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EUR/USD rises sharply as commodities, U.S. equities sell-off weigh

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Investing.com -- EUR/USD rose sharply on Monday, as a sell-off among commodities and U.S. equities weighed heavily on the dollar.

The currency pair wavered between a low of 1.1147 and a high of 1.1248, before settling at 1.1245, up 0.0046 or 0.41% on the session. Following a four-day losing streak last week, the euro has now closed higher against the dollar in four of the last five sessions. During a volatile stretch over the last five weeks, EUR/USD has traded as low as 1.10 and reached as high as 1.171. Over that span, the pair is down by roughly 1%.

EUR/USD likely gained support at 1.1088, the low from September 4 and was met with resistance at 1.146, the high from Sept. 18.

The dollar fell considerably on Monday in spite of continuing indications from the Federal Reserve that it will raise short-term interest rates at some point over the next several months. On Monday morning, New York Fed president William Dudley told the Wall Street Journal that the Fed is on track to hike rates before the end of the year and could reach its targeted goal for inflation at some point in 2016. In its inflation forecasts earlier this month, the Fed estimated that inflation would reach 1.7% by the end of next year and not hit 2.0% until 2018.

It came days after Fed chair Janet Yellen offered her first personal endorsement of a 2015 rate hike since July during hawkish remarks in an appearance at the University of Massachusetts-Amherst last Thursday. While delivering a speech on inflation dynamics at the university's Philip Gamble Memorial Lecture, Yellen noted that the inflation shortfall is likely to be transitory, as one-off factors such as lower energy prices and weaker imports due to a stronger dollar abate. Yellen added that inflation should reach the Fed's 2% target when the labor market returns to full employment.

Elsewhere, the U.S. Department of Commerce's Bureau of Economic Analysis (BEA) said its Personal Consumption Expenditure (PCE) Index increased by $54.9 million or 0.4% in August, or at the same rate as its increase a month earlier. Personal income rose by 0.3% last month, following an upward revision of 0.1% in July to 0.4%.

The Core PCE Index, which strips out food and energy prices, increased 0.4% on a month-over-month basis, on the back of strong gains in durable goods and motor vehicles and parts. It follows an increase of 0.3% in July.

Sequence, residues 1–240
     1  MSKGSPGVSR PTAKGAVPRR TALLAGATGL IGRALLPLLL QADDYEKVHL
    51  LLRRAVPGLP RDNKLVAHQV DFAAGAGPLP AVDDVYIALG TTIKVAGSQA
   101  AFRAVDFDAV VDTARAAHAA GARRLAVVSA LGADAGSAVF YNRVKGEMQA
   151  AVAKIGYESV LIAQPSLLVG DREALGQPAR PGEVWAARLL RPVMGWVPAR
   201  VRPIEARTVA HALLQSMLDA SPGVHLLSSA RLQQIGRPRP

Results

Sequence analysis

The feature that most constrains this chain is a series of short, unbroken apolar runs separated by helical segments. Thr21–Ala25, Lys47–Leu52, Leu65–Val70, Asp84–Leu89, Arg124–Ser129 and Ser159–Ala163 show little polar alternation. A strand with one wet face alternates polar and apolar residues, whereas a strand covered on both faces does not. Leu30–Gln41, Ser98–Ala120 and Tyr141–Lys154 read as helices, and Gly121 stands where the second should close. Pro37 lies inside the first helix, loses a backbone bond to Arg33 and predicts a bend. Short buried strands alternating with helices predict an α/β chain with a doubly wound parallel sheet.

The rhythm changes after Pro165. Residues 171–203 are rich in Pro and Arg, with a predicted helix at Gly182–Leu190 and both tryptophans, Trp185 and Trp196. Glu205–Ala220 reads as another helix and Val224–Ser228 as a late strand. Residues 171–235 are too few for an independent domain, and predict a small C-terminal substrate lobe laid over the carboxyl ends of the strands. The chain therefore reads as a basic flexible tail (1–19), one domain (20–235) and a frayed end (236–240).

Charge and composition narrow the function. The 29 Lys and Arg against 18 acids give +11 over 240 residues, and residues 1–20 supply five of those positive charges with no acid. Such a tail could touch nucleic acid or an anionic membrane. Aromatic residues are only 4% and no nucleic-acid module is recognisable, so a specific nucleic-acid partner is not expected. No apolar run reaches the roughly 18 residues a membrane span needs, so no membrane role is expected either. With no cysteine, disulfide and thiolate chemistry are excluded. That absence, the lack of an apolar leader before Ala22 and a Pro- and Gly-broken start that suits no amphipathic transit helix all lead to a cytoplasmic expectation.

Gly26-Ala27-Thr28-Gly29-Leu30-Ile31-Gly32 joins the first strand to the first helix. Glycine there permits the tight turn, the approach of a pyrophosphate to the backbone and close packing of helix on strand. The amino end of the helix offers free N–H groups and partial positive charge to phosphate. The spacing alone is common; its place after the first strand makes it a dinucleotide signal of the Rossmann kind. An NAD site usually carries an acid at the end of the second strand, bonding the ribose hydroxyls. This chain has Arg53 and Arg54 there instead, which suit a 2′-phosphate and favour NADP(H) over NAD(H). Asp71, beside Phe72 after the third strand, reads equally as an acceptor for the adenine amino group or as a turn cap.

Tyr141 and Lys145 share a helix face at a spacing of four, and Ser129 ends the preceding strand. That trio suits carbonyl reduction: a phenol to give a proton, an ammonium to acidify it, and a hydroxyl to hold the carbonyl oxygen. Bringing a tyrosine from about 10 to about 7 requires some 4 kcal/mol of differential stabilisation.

On a yearly basis, Core PCE inched up 0.1% from its July level to 1.3% over the last 12 months. The Core or Real PCE Index is the Fed's preferred gauge for inflation, as it decides whether to raise short-term interest rates for the first time in nearly a decade. Long-term inflation has remained under the Fed's targeted goal of 2% in every month for the last three years.

A rate hike is widely viewed as bullish for the dollar, as foreign investors pile into the greenback in search of higher yields.

Yields on the U.S. 10-Year plunged more than seven basis points to 2.093%, while yields on the U.S. 30-Year fell more than eight basis points to 2.875%, as a pullback in risky assets sent investors scurrying to safe-haven government bonds. Treasury yields are inversely related to bond prices.

Investors await the release of September inflation data in the euro zone on Wednesday for further indications on the strength of the global economy. Analysts expect to see a 0.1% gain for the month, following a 0.1% increase in August.

The U.S. Dollar Index, which measures the strength of the greenback versus a basket of six other major currencies, fell 0.25% on Monday to 96.10. Last week, the index surged above 96.85 to reach its highest level in September.

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The views and opinions expressed herein are the views and opinions of the author and do not necessarily reflect those of Nasdaq, Inc.

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